Systematic Repression

The Russian troops and their allied mafia power structure have begun a systematic repression of the Tatar community and its democratic aspirations. This has included the mutilation and killing of Tatar community activist Reshat Ametov in March, the Crimean administration’s ban on public gatherings, Russia’s exile of the Tatars’ leader, and intimidation of Tatar settlements by patrols of masked gunmen. “Local ‘authorities’ announced that Crimean Tatars will have to vacate their property and give up their land. Crimean Tatars have been assaulted for speaking their language,” Kerry correctly said on May 16.

The Tatars understand that they now face a long, new struggle and more suffering to achieve the liberation of Crimea from Russia and its return to Ukrainian rule – and so they now define the Russian occupation beginning in February as the third great tragedy of their community. The first of these was the annexation of the Crimean Tatar state in 1783 by Russian Empress Catherine the Great; the second was Stalin’s ethnic cleansing of Crimea in 1944.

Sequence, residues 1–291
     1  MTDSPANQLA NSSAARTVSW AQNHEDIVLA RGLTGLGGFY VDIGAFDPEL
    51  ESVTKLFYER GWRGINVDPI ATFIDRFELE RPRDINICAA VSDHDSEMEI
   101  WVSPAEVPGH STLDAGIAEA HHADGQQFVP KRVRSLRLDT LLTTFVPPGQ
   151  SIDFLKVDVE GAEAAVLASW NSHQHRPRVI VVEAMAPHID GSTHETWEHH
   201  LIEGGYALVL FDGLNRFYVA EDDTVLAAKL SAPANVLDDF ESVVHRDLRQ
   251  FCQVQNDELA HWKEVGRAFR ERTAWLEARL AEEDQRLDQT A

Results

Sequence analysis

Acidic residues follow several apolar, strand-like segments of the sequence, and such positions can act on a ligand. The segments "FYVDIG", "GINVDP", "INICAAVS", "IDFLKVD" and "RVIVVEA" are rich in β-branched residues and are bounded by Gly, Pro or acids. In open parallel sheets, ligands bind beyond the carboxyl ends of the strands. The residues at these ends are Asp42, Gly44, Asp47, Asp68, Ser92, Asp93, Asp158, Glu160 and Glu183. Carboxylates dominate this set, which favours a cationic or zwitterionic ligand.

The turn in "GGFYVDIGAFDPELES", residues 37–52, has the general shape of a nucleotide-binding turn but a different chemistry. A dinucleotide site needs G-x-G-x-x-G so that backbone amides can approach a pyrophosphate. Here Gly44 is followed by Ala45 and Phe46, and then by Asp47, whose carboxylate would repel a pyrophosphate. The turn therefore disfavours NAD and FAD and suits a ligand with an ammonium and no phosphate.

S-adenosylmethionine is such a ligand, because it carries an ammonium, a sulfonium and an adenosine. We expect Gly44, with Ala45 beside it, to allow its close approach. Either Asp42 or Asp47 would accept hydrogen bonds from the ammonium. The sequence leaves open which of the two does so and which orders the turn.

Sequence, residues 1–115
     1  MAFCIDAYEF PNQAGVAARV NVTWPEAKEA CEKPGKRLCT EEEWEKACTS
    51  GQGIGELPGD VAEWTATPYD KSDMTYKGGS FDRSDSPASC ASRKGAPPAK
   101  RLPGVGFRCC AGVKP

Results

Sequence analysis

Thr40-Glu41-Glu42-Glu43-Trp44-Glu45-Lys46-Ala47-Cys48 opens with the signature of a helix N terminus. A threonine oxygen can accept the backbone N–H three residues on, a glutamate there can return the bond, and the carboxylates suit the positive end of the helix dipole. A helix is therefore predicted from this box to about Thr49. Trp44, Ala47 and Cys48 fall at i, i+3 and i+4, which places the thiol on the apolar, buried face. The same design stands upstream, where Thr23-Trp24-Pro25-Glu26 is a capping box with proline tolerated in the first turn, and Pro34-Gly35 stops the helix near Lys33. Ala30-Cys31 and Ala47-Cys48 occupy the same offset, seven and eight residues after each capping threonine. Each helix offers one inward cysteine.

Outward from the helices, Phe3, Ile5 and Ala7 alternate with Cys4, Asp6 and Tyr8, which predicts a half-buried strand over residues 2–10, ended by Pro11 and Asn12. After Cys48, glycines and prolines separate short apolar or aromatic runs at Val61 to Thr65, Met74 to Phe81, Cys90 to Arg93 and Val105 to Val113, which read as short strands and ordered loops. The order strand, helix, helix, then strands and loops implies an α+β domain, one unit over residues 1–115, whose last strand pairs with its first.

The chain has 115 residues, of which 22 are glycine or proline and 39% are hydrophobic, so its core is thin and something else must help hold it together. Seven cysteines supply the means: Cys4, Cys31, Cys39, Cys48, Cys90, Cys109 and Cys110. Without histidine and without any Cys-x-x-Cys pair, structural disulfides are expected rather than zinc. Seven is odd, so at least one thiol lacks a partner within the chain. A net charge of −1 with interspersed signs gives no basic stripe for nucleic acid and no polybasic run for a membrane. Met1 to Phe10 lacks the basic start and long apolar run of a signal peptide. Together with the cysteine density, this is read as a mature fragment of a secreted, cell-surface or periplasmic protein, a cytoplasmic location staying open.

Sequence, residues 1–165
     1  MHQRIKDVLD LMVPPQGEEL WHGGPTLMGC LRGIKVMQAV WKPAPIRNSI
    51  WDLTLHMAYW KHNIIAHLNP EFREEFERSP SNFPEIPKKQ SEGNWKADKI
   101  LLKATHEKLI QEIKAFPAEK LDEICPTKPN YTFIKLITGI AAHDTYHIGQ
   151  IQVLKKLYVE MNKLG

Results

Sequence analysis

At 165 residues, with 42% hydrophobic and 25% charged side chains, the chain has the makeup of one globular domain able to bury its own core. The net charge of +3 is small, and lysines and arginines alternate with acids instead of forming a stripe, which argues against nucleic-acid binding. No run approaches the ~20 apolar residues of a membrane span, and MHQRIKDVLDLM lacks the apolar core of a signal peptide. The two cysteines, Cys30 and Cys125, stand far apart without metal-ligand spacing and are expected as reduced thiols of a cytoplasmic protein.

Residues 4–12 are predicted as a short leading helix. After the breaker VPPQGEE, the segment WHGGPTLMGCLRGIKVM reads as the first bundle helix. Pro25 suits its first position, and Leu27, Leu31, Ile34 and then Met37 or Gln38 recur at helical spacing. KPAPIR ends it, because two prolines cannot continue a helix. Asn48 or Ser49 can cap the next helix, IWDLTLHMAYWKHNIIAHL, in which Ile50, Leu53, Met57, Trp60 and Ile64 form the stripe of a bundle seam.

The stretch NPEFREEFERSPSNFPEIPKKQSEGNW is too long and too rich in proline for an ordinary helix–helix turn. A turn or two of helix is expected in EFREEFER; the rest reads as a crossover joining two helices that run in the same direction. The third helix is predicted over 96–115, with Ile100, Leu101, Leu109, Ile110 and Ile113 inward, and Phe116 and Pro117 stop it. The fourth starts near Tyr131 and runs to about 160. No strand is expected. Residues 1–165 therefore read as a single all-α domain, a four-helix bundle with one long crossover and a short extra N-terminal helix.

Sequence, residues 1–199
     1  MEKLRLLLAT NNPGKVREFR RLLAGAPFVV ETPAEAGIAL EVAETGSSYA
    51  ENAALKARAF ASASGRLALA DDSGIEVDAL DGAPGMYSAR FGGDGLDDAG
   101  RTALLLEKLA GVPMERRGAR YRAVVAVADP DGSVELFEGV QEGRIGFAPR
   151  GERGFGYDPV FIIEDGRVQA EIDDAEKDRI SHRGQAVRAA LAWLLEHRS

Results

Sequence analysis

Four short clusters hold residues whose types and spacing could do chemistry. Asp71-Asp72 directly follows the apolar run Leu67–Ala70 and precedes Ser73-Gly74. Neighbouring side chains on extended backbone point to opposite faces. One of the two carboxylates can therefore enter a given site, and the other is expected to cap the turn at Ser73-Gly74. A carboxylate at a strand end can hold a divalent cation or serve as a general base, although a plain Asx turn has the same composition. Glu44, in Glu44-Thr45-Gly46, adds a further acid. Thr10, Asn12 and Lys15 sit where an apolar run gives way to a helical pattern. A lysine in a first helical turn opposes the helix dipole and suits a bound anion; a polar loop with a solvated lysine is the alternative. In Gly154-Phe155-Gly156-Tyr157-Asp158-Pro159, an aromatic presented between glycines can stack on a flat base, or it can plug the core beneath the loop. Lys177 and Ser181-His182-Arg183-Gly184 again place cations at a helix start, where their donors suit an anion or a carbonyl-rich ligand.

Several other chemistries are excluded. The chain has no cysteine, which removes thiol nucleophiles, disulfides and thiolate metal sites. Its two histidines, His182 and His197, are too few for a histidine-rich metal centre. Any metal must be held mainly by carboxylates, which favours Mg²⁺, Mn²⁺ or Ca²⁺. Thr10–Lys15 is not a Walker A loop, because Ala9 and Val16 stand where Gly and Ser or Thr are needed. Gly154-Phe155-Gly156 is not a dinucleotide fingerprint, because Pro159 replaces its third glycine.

One sign of the Tatars’ determination to resist Russian rule has been the consistent statements of the community’s leader, Mustafa Djemilev. At age 70, Djemilev is the consensually respected leader of Crimea’s Tatars because of a background not unlike that of South Africa’s late Nelson Mandela. Djemilev lived for 15 years in Soviet prisons. He spent 303 days on a hunger strike to press Moscow for the Tatars’ “right of return” to Crimea from their Central Asian exile. Poland awarded him its Solidarity Prize this month for his contribution to peace, democracy and human rights. Turkish President Abdullah Gul last month presented Djemilev with his government’s Medal of State – a sign of Turkey’s strong support for the Crimean Tatars’ cause.